ALBANY – Twenty-six percent of teens surveyed from across upstate New York have been cyberbullied, according to a study conducted by the Siena College Research Institute, AT&T and the Tyler Clementi Foundation.
Locally, 22 percent of teens have been cyberbullied.
More than half, 54 percent, of teen and have of parents in the Capital District have witnessed cyberbullying, including insulting or threatening comments posted online, pictures meant to embarrass, revealing videos shared online and posted rumors or allegations about sexual activity, according to the poll.
Nearly one-third of local teens say their friends have been cyberbullied and 37 percent know other teens who have suffered online bullying. More than 25 percent of Capital District teens and 14 percent of local parents witness some form of cyberbullying at least a few times a month of more.
“These stats speak to the staggering problem of cyberbullying,” said Jane Clementi, founder and board member of the Tyler Clementi Foundation. “Aggressive behaviors in the electronic world can cause great pain and destruction to one’s spirit. We must instill in our youth the knowledge that technology is only as good as the people who use it.”
Tyler Clementi was an 18-year-old freshman at Rutgers University who was humiliated when his roommate posted an intimate video of him online. He committed suicide in 2010.
Online activities are a major part of a teens’ everyday lives. Eighty-five percent of teens spend an hour or more a day with online videos or games and 73 percent are online at least an hour a day socializing with their friends.
Eighty-nine percent of area parents say that their child has their own smartphone. Nearly all parents say, and teens agree, that parents have talked with their child about ethical online behavior, including bullying, and 98 percent of parents say they have taught their children not to give out personal information online.
But over a third of local teens have shared their name and gender with someone they met only online and 5 percent have agreed to meet up with someone that they met on the internet.
Forty-one percent of Capital District parents have rules about technology that they monitor and enforce, while 44 percent have rules but admit they do not strictly enforce them.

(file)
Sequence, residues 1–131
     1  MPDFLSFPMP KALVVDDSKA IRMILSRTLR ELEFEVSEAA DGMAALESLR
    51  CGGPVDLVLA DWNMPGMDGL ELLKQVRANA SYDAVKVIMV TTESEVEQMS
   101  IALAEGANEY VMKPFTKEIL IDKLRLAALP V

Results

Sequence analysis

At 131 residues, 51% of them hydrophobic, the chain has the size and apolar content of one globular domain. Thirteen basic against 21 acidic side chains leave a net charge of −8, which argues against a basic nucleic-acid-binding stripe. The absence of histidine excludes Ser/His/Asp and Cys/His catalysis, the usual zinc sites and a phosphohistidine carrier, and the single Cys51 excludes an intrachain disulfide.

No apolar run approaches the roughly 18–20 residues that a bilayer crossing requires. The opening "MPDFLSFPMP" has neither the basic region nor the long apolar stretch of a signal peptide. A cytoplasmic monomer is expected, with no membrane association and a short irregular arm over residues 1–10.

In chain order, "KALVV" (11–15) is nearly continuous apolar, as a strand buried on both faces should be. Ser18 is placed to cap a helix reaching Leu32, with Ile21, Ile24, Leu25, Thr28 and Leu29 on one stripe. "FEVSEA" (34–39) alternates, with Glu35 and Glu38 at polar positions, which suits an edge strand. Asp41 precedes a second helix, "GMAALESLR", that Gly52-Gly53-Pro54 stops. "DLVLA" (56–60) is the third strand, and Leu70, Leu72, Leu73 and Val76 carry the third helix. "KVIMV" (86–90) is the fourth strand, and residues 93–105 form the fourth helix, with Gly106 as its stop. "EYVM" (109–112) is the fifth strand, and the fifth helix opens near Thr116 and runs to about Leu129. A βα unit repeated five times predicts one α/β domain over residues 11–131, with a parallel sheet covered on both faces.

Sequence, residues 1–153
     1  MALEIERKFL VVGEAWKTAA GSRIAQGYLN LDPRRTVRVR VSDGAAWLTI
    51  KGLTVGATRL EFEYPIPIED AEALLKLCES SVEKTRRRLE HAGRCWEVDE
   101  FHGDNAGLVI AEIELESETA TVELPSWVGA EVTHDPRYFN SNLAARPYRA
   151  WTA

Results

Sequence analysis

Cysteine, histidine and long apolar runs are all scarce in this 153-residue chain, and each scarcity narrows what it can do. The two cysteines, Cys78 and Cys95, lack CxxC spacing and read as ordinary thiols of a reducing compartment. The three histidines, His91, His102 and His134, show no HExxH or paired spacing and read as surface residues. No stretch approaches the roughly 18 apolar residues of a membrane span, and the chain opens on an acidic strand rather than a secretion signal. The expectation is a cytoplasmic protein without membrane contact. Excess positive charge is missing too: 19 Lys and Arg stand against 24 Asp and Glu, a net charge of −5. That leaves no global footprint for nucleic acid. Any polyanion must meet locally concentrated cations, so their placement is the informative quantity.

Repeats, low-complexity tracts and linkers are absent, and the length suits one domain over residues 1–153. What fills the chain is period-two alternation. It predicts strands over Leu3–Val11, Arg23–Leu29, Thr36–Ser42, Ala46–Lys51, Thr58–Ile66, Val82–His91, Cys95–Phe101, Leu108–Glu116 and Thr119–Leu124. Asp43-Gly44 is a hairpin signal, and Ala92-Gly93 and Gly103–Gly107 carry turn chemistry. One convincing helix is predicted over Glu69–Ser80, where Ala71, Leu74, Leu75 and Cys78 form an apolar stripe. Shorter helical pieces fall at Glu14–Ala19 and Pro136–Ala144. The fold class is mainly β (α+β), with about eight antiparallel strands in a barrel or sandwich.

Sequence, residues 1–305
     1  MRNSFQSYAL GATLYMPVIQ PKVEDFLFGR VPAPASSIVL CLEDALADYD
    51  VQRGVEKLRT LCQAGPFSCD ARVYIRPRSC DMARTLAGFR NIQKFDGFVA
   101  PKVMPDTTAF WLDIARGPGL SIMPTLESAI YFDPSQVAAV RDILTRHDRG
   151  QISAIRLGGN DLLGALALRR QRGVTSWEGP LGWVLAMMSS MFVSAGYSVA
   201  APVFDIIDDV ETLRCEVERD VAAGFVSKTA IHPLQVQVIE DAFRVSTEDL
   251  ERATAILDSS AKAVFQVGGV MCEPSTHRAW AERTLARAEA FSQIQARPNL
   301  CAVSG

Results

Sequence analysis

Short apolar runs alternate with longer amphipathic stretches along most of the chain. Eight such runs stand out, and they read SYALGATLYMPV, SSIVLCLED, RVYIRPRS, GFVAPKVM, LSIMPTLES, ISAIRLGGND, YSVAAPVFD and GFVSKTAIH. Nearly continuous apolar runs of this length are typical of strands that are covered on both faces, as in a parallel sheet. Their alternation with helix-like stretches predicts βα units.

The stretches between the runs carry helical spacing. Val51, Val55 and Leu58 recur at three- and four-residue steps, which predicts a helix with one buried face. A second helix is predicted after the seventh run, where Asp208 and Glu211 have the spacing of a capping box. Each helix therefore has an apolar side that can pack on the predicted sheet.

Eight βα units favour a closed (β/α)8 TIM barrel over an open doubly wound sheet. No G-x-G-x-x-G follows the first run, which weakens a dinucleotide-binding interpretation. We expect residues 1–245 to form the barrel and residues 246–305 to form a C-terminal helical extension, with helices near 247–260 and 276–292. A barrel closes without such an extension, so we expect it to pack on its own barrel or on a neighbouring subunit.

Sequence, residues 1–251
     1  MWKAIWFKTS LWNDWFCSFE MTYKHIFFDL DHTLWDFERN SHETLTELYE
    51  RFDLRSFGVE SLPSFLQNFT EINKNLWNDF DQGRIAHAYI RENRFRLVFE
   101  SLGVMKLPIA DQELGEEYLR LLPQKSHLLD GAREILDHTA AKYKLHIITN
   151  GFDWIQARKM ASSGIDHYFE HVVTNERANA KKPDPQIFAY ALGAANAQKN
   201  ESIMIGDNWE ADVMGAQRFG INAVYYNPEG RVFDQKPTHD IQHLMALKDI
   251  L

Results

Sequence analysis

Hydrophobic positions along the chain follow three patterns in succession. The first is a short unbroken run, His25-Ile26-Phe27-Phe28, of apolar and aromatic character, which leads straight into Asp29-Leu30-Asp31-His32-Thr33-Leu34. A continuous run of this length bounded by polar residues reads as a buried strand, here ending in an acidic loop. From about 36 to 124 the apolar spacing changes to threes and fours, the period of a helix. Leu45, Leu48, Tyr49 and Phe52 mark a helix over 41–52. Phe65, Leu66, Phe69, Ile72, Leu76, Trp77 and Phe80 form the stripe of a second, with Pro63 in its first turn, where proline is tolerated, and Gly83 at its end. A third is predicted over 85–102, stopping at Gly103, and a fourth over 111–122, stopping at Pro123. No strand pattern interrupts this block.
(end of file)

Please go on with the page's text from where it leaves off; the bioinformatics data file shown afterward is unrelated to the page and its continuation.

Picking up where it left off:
In fact, 14 percent of parents allow their children to make their own decisions. Only 14 percent of local teens say that their parents strictly monitor their online activities while 44 percent say that while they have rules, those rules aren’t strictly enforced.
One third of teens say that their parents either aren’t very involved or simply have no idea what they are doing.
“Only, but perhaps only isn’t the right word, 2 percent of area teens say that they have been a cyberbully and 2 percent of parents acknowledge that their children have bullied others online,” Dr. Don Levy, SRI’s director said. “But more, almost 10 percent say that their friends have bullied others and over a third know other teens that have practiced cyberbullying.”
While over a quarter of the Capital District teens say that they laugh it off when someone posts something negative about them, 15 percent of all area teens and almost a quarter of girls have cried because of something posted online about them or someone close to them.
Of those that have been bullied, most – 55 percent – told their friends, 38 percent spoke to their parents, and a third confronted the bully, but only 21 percent told school officials.
Asked why cyberbullies target others, large percentages of Capital District teens cite many reasons:
-Physical appearance (42 percent)
-Social awkwardness (34 percent)
-Being thought of as gay (36 percent)
-The clothes they wear (29 percent)
-Being un-athletic (24 percent)
-Having a disability (20 percent)
-Being sexually active (21 percent)
“This first-hand account of what teens are experiencing online is a powerful wake up call to the pervasiveness of cyberbullying and its potential damaging effects,” said Marissa Shorenstein, New York state president of AT&T. “The results show that awareness of cyberbullying is high in the Capital Region, and more education is needed to help teens make better online choices.”
The poll was conducted from Sept. 26 through Oct. 23 through 1,255 online interviews of students in grades six through 12 across upstate New York whose parents had provided explicit consent.
SRI also conducted 1,048 online interviews with parents of students from participating schools across upstate.